Nature’s traffic control: How habitat restoration is helping at-risk caribou populations
December 2022 – Thanks to nature’s traffic control – tree planting, mounding and other habitat restoration efforts – predators and prey are slowing down in forest corridors along our operations, according to a new Cenovus Energy-led study.
“This is exactly how we’d like caribou, wolves and bears to respond to our efforts in restoring habitat as part of our commitment to biodiversity,” says Michael Cody, Manager, Regulatory Services at Cenovus and co-author of the study which was published in Conservation Biology.
Linear features such as roads, seismic lines and pipelines create highway-type corridors through the forest that can allow predators such as wolves to hunt faster and further. But as the multi-year study shows, when wildlife encounter trees, rough surfaces and woody material as part of restoration efforts, they slow down. Reducing speed of both predators and prey is likely to lower the chance they’ll encounter each other, which in turn is good news for at-risk caribou populations.
"To conduct the study, we set up cameras along treated and untreated seismic lines north of Cold Lake,” shares Michael. “By studying the images and calculating travel times between two cameras, we found that in areas treated for restoration, travel speeds of wolves reduced by 23%, bears by 39% and caribou by 40%.”
The study, a collaboration with partners including the Alberta Biodiversity Monitoring Institute, was first launched in 2012. The results help underline Cenovus’s commitment to developing, testing and refining evidence-based techniques for land restoration.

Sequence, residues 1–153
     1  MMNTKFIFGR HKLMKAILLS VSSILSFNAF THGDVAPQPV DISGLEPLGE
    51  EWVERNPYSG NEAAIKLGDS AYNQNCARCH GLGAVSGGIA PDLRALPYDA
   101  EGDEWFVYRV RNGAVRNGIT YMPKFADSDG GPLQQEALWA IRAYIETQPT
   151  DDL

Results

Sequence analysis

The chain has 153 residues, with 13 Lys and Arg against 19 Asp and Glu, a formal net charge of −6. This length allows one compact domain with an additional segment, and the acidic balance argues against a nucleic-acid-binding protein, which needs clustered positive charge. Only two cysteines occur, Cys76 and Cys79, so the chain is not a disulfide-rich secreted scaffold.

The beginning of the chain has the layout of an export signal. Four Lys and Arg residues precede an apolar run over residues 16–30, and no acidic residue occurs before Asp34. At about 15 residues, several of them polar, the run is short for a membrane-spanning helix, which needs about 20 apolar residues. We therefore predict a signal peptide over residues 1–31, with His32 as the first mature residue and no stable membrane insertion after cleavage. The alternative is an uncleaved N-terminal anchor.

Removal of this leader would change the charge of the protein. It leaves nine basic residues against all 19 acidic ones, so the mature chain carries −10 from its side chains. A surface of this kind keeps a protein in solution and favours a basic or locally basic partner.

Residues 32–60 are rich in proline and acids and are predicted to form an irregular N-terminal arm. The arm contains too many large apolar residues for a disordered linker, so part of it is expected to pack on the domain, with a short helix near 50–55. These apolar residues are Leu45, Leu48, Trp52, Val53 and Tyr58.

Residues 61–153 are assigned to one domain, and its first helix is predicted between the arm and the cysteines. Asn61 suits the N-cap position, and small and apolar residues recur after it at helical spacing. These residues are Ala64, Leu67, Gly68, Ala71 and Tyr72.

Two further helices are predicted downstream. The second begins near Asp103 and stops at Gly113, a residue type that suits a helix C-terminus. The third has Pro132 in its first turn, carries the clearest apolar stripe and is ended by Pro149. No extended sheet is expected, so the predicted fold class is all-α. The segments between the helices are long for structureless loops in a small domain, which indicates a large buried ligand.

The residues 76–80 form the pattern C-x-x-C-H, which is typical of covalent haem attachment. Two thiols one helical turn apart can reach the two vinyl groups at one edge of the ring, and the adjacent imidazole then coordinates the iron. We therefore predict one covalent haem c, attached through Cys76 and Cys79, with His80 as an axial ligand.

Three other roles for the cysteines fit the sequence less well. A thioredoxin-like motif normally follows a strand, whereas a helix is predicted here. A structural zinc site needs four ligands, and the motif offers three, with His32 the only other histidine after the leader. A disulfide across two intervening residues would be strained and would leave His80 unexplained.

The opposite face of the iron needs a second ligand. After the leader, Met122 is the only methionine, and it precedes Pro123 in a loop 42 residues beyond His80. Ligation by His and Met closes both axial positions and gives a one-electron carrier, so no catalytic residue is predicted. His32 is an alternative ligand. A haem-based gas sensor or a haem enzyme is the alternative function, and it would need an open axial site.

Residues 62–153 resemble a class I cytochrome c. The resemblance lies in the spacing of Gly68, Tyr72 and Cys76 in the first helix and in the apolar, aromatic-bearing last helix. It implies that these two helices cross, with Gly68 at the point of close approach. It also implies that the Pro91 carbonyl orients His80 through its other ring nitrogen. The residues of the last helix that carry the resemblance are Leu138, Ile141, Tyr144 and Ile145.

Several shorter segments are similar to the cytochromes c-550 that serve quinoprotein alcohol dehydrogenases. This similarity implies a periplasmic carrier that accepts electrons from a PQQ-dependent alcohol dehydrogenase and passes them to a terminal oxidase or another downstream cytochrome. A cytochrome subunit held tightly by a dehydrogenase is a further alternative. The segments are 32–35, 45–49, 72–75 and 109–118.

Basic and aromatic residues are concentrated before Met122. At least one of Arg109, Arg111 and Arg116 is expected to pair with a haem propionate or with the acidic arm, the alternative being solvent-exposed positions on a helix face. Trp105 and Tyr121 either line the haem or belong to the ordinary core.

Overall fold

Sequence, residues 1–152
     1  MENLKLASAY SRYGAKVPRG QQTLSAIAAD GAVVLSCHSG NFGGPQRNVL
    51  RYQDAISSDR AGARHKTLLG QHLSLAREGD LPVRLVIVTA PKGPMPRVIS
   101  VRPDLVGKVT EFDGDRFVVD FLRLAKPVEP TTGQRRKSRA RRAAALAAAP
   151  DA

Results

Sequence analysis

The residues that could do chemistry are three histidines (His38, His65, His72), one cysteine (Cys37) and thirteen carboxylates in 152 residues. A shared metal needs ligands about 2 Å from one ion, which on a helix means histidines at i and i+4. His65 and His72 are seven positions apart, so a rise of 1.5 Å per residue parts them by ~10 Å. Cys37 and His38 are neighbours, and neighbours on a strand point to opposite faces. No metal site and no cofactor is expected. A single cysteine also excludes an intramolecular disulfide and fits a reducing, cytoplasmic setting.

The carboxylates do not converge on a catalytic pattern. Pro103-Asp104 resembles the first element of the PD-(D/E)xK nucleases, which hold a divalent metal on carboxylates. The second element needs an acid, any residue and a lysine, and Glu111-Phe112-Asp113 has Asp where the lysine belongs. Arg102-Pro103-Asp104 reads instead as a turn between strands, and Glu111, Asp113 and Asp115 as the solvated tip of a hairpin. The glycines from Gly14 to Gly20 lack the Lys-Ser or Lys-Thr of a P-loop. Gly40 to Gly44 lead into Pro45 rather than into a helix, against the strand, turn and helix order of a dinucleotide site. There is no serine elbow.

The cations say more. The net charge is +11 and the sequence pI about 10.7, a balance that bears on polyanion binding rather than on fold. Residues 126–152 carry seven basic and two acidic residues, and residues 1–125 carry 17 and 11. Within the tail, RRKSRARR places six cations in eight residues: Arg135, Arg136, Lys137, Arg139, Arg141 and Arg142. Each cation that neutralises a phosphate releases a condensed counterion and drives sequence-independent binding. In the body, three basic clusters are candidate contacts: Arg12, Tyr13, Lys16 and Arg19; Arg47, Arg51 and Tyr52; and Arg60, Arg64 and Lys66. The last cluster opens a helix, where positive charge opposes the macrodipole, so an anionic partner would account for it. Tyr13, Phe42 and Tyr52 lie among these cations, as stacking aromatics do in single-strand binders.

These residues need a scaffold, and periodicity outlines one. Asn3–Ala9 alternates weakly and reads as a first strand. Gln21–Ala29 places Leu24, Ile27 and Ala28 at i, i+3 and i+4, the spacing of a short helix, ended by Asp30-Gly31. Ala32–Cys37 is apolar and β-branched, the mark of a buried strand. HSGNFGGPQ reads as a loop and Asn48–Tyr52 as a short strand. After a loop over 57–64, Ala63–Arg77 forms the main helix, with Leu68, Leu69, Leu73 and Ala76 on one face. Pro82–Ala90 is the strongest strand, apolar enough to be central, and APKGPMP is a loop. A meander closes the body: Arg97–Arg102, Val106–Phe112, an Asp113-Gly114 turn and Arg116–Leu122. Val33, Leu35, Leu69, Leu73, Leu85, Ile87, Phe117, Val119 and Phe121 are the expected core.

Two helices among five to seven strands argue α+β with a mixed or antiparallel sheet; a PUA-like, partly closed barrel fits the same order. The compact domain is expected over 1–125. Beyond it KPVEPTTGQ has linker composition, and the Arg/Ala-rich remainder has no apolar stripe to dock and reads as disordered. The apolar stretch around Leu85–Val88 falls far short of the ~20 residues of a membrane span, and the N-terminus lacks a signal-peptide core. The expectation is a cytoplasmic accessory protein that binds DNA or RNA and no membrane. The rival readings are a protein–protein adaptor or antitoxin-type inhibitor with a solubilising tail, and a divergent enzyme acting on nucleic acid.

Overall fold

“This is about finding ways to mitigate impacts in and around our operations, which is the cornerstone of what we do when it comes to restoration,” says Michael. “We’re developing these restoration concepts and providing evidence that when we disturb the land, it’s a temporary disturbance, and we are working hard to restore the landscape.”
Our work on habitat restoration in northeast Alberta has been ongoing since 2008 and includes a voluntary 10-year Caribou Habitat Restoration Project, announced in 2016, which is the largest project of its kind. The program involves restoring up to 4,000 kilometres of linear land disturbances and progressing our tree planting program. The project supports our environment, social and governance (ESG) target to restore more habitat than we use in the Cold Lake caribou range by year-end 2030.